Tricky thing about success, though, it breeds expectation a poison in the well. For the first time, though, the Wizards seem ready to take them on. Washington doesn't have to worry about what other people think because it finally answered its own self doubts. John Wall, fresh off double knee surgery, took his offensive game to another level and put in an MVP-candidate worthy season. Bradley Beal shook off injury woes and planted his flag among the great scoring guards in this league. Otto Porter climbed out of the cage of mediocrity and showed what he's capable of -- an elite perimeter defense and floor spacing.

The bench is better and the chemistry tighter this time around. Wall and Beal have nights where they are a plague, seemingly everywhere on both ends at once. Porter punishes teams for bringing help. Marcin Gortat keeps leveling brick wall screens and deft dips in the lane off the role. After being blamed for every failure of the Thunder despite three Western Conference finals appearances, Scott Brooks took the Wizards to a new level last year by tweaking the offense. 

Bradley Beal still takes pull-up mid-range shots. The Wizards still zone out on defense. But their energy and style is sharper, brighter, it carries more energy. These Wizards believe in themselves. 

And they're ready to make believers out of you. 


It must be unnerving trying to deal with Kawhi Leonard as an opponent. He doesn't say anything, he doesn't make an expression, he doesn't celebrate or act dejected. He just moves from one point in space to another, always reaching for you and that ball you foolishly believe belongs to you. Leonard is basically this dude: 

Leonard's efficiency is ubiquitous; he's as good spotting up as he is driving, or pulling-up in isolation, or in the pick-and-roll, or in the post. There's not an area or matchup he can't win (with the possible exception of a few defensive assignments vs. large players in the post). Check out what he does to Harrison Barnes at the 2:17 mark here, or Tyson Chandler at the 4:18 mark:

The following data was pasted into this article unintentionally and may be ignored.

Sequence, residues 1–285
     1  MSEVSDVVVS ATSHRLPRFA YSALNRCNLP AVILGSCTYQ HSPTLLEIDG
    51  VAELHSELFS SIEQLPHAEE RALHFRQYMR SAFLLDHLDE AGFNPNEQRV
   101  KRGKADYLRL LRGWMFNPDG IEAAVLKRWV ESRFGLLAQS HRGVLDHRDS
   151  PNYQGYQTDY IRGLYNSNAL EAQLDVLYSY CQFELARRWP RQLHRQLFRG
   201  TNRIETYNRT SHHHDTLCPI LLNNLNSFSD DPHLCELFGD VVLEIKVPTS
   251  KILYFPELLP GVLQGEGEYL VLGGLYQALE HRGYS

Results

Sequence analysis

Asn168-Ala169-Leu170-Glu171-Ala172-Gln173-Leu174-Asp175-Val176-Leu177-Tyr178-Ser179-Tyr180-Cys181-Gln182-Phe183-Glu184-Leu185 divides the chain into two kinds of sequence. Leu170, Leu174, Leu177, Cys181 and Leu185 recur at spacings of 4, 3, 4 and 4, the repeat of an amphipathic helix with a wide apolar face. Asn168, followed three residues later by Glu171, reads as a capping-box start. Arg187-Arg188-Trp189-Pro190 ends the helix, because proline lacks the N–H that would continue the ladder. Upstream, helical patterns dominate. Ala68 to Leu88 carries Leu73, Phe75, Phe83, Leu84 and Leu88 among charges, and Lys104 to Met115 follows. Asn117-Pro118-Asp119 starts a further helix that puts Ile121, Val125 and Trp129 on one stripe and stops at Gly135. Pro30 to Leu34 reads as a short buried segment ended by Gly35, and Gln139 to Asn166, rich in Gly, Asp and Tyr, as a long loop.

You think you're safe, and then bam, there's Leonard -- when he's healthy, that is -- appearing in the cabin window like Jason Voorhees. He might as well play in a hockey mask. 

Leonard's offensive game, stylistically, not quantitatively is like that of Michal Jordan's, if he were dead inside. Statue of Liberty dunks, the straight up and down jumper, the post-up fadeaway, it's all reminiscent of and Undead Airness. Leonard keeps coming at you, over and over again, until you break, and watching it happen brings the same thrill that packs movie theaters for horror films. 

Don't cover your eyes. 


Everyone is waiting for the glare at Harden. They're waiting for this Houston team to be torn apart by chemistry problems borne from adding everyone's favorite basketball Napoleon, Chris Paul. Paul, like the diminutive French dictator, is a brilliant tactician, and, like Napoleon, can rub players the wrong way. But Napoleon was hailed as a tactical genius, just as Paul is. 

This Rockets team is not the product of some grand design. Paul is not a perfect fit, nor is P.J. Tucker or Luc Richard Mbah a Moute. This squad isn't so much an experiment as it is an attempt to remodel something that works, and hope it comes out better. Houston sacrificed some of its depth in the Chris Paul trade, with the simple idea from Daryl Morey that adding a player of Paul's caliber will make them better, and they can just figure it out.